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Wildwood goes to Mexico
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This week, I found myself in some very unfamiliar classrooms. I took Wildwood’s Outreach Center on the road to the American School Foundation in Mexico City, where they had requested a tune-up for their upper school advisory program. The American School Foundation (ASF) is a K-12 school in the heart of the city, and I was privileged to facilitate an intensive advisory workshop with a dozen ASF teachers and administrators.

Like Wildwood, ASF began its advisory out a desire to provide a structure allowing each student to have a dedicated, caring adult who looks out for the student’s academic and social-emotional needs.  ASF was looking for ways to strengthen its advisory program.  Enter Wildwood, whose reputation as a leader in advisory programs is growing beyond America’s borders.

After consulting via Skype and email since October, I finalized a custom plan for ASF and boarded a plane for Mexico City, which, at 8.8 million residents, is the largest city in North America.

On Day One, I met with the upper school dean, but not before taking in some of the city’s great sites, like Chapultepec Park and the National Cathedral.  I spent the next day at ASF, on its 17-acre urban campus, complete with an artificial turf-covered football field (that’s American football, by the way).  Inside, I visited classes and advisories and met with ASF students, teachers, and administrators to get their take on their advisory program’s strengths and areas for improvement.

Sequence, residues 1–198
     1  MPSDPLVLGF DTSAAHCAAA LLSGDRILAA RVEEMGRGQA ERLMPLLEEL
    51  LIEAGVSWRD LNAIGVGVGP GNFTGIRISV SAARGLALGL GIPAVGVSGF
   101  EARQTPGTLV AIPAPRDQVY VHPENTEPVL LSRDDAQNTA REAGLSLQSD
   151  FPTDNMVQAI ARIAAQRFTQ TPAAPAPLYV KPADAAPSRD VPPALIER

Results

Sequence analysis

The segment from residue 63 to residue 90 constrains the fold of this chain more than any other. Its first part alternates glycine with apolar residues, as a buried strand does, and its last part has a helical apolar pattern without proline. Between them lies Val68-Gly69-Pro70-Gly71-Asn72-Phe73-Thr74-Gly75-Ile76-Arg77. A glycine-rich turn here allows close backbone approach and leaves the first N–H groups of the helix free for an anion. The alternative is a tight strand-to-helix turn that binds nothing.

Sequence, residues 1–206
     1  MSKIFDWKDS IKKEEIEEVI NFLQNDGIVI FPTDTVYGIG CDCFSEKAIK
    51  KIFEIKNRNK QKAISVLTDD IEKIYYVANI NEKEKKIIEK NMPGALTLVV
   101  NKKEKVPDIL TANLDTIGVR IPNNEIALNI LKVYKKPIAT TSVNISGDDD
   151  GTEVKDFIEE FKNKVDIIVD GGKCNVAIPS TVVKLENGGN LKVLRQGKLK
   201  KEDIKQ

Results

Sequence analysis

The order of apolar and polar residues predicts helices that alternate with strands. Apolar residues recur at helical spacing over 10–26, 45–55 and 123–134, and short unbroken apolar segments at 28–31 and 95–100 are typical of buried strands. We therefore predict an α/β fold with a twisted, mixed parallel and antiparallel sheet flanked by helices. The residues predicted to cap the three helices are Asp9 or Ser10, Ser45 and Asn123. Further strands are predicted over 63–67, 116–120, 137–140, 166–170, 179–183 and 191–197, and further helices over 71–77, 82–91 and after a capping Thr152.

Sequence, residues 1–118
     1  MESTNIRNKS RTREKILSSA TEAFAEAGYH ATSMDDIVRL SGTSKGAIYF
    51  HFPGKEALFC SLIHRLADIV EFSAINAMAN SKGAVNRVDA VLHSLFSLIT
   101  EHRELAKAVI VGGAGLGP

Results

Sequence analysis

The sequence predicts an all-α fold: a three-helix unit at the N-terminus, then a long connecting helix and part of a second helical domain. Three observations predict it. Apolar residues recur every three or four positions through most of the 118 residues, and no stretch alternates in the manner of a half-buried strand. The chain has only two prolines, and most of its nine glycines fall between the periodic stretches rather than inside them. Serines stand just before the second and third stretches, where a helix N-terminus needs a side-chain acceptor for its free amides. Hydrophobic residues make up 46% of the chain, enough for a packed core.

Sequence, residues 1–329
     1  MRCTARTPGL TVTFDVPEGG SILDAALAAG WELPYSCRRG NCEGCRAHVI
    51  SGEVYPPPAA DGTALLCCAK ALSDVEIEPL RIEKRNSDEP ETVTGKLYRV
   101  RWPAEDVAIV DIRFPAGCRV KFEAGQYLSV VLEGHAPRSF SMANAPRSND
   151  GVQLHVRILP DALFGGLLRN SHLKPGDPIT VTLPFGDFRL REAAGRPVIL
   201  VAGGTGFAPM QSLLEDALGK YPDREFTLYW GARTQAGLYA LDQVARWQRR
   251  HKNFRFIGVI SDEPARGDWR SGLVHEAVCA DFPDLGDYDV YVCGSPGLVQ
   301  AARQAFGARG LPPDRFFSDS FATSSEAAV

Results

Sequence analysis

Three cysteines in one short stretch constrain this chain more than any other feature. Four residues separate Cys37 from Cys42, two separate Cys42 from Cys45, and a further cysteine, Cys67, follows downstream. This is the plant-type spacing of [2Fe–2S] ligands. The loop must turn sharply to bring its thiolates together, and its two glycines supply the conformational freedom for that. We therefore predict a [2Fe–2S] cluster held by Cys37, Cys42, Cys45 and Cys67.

Day Three was, by far, the most demanding. ASF’s advisory steering committee and I met at an off-campus site for a six-hour workshop.  Here, I shared with my hosts the finer points of Wildwood’s advisory program and led them through a variety of activities to help them frame their advisory’s purpose and structure.

The results: ASF is now well on its way to developing a revamped advisory program to meet their student’s needs. Added bonus: I gained insights about ASF that I’ll bring back to Wildwood, and our school’s reputation as a leader in advisory programs has grown.  With other advisory workshops planned for later this year at American schools in the U.K. and Brazil, Wildwood can legitimately claim to be a world leader in educational best practice.

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